The NBA schedule has been changed for the 2017-18 season, and the main theme seems to be rest.
The regular season has been expanded by a week and the preseason has been cut short by a week. Ideally the NBA is trying to have stars playing in more games in general and play in more televised games.
By expanding the NBA season, there won’t be as many harsh road trips, or back-to-back games on short rest. With the NBA season shifting slightly, stars will get to play in meaningful regular season games with more rest.
There is also a new rule penalizing teams for sitting healthy star players. What if a star is listed as injured with “shoulder tightness” when in reality, he is just a healthy scratch due to wanting rest? Commissioner Adam Silver is going to have a tough time actually enforcing the rules he is doctoring up this off-season.
The NBA regular season issue
Players across all sports have been doing it for years: being healthy scratches with bogus injury titles as an excuse. Now that there is a penalty for being a healthy scratch, there could be even more illegitimate injuries.
Obviously throughout last season there were many problems with resting stars. The Cleveland Cavaliers finished in the two spot in the East, but beat the one seeded Boston Celtics in five games in the Eastern Conference finals. Most people knew the Cavaliers were significantly better, but chose to rest stars and prepare for the postseason versus playing out every game.
The NBA has tried to solve the problem of teams playing back-to-back games. LeBron missed eight games in the 2016-17 season, five of them were due to back-to-backs.
The problem is the media partnership with the NBA. Money is being put into the NBA because fans want and expect to see superstars play in primetime games. Ultimately, many playoff teams have made it clear that they would rather coast through the regular season and be healthy and rested for the playoffs than have home court advantage for certain series.
With the new rules, teams will be forced to rest players a lot less.
Will it work?
Honestly it might deter resting players for the most part, but everyone needs rest. If a team knows they can coast through the regular season and still win in the playoffs, there’s no reason to not rest players.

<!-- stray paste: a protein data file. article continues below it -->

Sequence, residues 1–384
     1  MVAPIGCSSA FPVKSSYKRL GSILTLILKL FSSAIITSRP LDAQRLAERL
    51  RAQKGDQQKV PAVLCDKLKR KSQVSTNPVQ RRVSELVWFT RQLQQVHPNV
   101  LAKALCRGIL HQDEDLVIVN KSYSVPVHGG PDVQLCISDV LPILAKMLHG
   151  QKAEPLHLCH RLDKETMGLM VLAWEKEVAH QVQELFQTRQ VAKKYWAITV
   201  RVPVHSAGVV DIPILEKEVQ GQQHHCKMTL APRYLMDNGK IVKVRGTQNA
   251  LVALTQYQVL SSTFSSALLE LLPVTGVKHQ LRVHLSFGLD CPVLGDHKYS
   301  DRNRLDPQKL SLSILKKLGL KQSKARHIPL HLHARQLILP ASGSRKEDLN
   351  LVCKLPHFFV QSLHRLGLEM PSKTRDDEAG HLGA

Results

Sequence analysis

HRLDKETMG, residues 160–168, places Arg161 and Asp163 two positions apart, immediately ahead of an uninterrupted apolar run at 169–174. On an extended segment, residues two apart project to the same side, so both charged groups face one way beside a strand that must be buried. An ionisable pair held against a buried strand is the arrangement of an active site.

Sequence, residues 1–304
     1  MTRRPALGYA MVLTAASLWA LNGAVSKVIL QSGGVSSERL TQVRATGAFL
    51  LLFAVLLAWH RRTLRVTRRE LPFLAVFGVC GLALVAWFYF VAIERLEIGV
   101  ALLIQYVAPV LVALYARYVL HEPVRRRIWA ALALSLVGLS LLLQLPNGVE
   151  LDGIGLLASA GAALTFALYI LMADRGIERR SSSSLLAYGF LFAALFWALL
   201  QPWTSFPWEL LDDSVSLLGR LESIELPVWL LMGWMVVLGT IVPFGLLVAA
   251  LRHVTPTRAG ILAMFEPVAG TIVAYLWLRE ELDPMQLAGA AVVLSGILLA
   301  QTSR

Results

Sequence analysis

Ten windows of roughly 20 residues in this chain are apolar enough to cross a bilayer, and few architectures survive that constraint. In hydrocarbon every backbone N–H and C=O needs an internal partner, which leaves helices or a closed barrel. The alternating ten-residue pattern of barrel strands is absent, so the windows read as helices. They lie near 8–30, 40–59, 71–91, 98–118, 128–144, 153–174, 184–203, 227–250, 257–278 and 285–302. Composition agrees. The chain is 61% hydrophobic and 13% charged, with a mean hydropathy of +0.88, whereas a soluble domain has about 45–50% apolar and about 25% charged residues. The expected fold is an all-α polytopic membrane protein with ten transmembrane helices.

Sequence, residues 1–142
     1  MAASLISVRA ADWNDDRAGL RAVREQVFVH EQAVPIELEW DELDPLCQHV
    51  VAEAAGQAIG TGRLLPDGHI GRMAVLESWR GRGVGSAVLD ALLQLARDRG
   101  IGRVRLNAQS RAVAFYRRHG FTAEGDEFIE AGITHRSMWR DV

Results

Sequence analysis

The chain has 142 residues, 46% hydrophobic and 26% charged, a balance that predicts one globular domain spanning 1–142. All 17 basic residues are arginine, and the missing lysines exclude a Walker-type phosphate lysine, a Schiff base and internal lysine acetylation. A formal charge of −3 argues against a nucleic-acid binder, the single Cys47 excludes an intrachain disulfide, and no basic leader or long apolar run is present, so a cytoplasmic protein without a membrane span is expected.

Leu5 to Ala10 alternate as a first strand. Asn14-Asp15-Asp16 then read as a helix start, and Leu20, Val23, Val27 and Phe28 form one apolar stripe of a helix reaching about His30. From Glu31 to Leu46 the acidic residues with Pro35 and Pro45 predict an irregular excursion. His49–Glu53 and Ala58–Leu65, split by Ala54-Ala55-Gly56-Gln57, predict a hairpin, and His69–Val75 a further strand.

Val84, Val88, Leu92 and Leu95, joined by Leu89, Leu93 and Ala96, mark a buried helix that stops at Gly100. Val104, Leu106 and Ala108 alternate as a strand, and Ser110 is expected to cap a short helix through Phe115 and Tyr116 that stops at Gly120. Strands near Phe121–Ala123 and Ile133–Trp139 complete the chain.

The NBA season is long and grueling. If the best competition is coming in the playoffs, all the players should be healthy. The mutual agreement should be that stars are rested gradually and not all at once. For instance, if Isaiah Thomas, Al Horford and Gordon Hayward all want to skip a game to rest up, they should sit out different games so that fans can still get to see stars in every game.
That would also mean that there is still a very competitive product on the court for primetime games. The solution to resting is to spread it out and make it less immediate.
Fans will always complain no matter who they get to see, but if they get to see the majority of their favorite players, they will be more happy than seeing none of them.
The idea of limiting rest makes sense for the league, but if Silver doesn’t enforce his rules right, he could lose some credibility league-wide. If the NBA wants to put strict restrictions on resting players, then there’s a chance some of the best players will be hurt come playoff time.
Extending the regular season will help improve the condition of the players, but if Silver puts in place a gradual resting for stars and starters, not only the players will be happy, so will the league and the fans.
Featured Photo Courtesy of Carolinablitz.com.
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